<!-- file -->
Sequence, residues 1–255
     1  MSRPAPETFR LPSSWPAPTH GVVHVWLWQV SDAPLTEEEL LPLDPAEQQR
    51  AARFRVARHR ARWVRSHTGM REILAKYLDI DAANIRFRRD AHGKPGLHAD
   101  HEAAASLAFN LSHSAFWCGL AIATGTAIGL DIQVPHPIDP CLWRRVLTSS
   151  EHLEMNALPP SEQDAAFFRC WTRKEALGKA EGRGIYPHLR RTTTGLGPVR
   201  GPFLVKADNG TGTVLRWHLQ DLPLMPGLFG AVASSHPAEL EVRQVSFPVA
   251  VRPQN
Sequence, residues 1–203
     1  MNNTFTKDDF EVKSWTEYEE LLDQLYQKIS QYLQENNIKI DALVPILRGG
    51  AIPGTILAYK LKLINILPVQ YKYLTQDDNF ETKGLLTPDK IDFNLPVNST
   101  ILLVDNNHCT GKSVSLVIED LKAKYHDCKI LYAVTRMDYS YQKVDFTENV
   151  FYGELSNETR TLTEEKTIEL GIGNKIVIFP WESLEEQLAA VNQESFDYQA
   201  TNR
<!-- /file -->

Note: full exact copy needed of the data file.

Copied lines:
Sequence, residues 1–255
     1  MSRPAPETFR LPSSWPAPTH GVVHVWLWQV SDAPLTEEEL LPLDPAEQQR
    51  AARFRVARHR ARWVRSHTGM REILAKYLDI DAANIRFRRD AHGKPGLHAD
   101  HEAAASLAFN LSHSAFWCGL AIATGTAIGL DIQVPHPIDP CLWRRVLTSS
   151  EHLEMNALPP SEQDAAFFRC WTRKEALGKA EGRGIYPHLR RTTTGLGPVR
   201  GPFLVKADNG TGTVLRWHLQ DLPLMPGLFG AVASSHPAEL EVRQVSFPVA
   251  VRPQN
Sequence, residues 1–203
     1  MNNTFTKDDF EVKSWTEYEE LLDQLYQKIS QYLQENNIKI DALVPILRGG
    51  AIPGTILAYK LKLINILPVQ YKYLTQDDNF ETKGLLTPDK IDFNLPVNST
   101  ILLVDNNHCT GKSVSLVIED LKAKYHDCKI LYAVTRMDYS YQKVDFTENV
   151  FYGELSNETR TLTEEKTIEL GIGNKIVIFP WESLEEQLAA VNQESFDYQA
   201  TNR